Probing Charge Transport in π-Conjugated Molecular Wires

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Probing Charge Transport in π-Conjugated Molecular Wires

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This thesis is centered on studying the charge transport in molecular wire films with a variety of architectures and investigating the structure-property relationships in these systems. In particular, a comprehensive surface and electrical characterization of self-assembled monolayers (SAMs) of π-conjugated molecular wires is demonstrated. We extensively used conducting probe atomic force microscopy (CP-AFM) as the primary tool for making electrical measurements on molecular wires and elucidating the charge transport mechanisms in these ultrathin organic films. Nanoscopic metal-molecule-metal junctions (molecular junctions) were formed by bringing an Au-coated AFM probe into contact with monolayers on Au substrates and current-voltage (I-V) characteristics of the junction were measured. The contact areas are in the order of 50 nm2 at a compressive load of 1-2 nN and the junctions typically consist of ~50 molecules. We also used cyclic voltammetry (CV) as a complementary method to investigate the kinetics of electron-transfer (ET) in a series of molecular wires terminated with the redox active ferrocene unit. The molecular wires studied in this thesis were all derivatives of the previously reported oligophenyleneimine (OPI) wires and were synthesized on Au surfaces using a stepwise approach based on the imine condensation reaction. The formation of the wires on the surface were monitored by variety of techniques including infrared spectroscopy, ellipsometry, and x-ray photoelectron spectroscopy (XPS). Optical band gaps (Eg) of the wires were determined from UV-Vis spectroscopy measurements and surface coverages were obtained from cyclic voltammetry (CV) data. In this work, we studied the charge transport in a series of molecular wires for which the π-conjugation was intentionally interrupted by saturated cyclohexyl spacers at certain locations within the molecular backbone. The current-voltage (I-V) characteristics of the corresponding molecular junctions were measured by CP-AFM and complementary density functional theory (DFT) calculations were performed on radical cation species to further understand the charge transport mechanism in these wires. The combination of experimental and computational data confirmed the polaronic nature of the charge carriers and suggested that the transport takes place via a thermally-assisted polaron tunneling mechanism. Using the CP-AFM technique, we also explored the electrical properties of three light-switchable π-conjugated molecular wires. These wires consisted of a photochromic dithienylethene linker (the “photoswitch”) embedded in a conjugated OPI backbone. We observed that all of the wires switch between high and low conductance modes (“ON” and “OFF” states corresponding to “Closed” and “Open” forms of the dithienylethene linker, respectively) when irradiated by UV and visible light, respectively. Finally, the kinetics of electron-transfer (ET) to ferrocene was investigated for a series of ferrocene-capped OPI molecular wire in two different electrolytes. It was found that the variations in standard rate constants (k0) of ET in these wires strongly depends on the choice of the electrolyte. Overall, these experiments offer promising opportunities for further understanding the details of microscopic charge transport in π-conjugated molecular wires.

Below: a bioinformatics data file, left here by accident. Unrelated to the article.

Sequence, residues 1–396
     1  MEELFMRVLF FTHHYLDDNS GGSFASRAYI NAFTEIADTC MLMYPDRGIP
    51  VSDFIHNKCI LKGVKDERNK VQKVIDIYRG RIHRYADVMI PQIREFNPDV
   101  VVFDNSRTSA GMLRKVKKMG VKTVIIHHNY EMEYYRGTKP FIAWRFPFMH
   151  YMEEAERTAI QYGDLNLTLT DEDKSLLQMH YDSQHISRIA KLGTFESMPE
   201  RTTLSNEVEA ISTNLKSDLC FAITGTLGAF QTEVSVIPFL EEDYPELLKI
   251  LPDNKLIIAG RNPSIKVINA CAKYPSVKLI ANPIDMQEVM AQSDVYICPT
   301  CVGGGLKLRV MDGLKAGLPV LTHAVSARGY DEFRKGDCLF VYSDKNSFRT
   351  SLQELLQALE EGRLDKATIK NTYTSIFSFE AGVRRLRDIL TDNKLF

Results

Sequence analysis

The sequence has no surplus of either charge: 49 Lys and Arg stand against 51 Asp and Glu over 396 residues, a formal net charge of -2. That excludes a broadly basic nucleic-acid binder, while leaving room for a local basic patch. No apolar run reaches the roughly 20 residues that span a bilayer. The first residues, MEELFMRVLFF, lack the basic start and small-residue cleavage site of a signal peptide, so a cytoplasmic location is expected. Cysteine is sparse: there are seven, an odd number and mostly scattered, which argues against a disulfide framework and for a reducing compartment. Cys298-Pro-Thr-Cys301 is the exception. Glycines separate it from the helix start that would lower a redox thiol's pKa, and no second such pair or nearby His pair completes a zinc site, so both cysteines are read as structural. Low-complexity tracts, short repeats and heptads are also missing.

University of Minnesota Ph.D. dissertation. October 2016. Major: Chemistry. Advisor: Carl Frisbie. 1 computer file (PDF); x, 160 pages.

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Taherinia, Davood. (2016). Probing Charge Transport in π-Conjugated Molecular Wires. Retrieved from the University Digital Conservancy,

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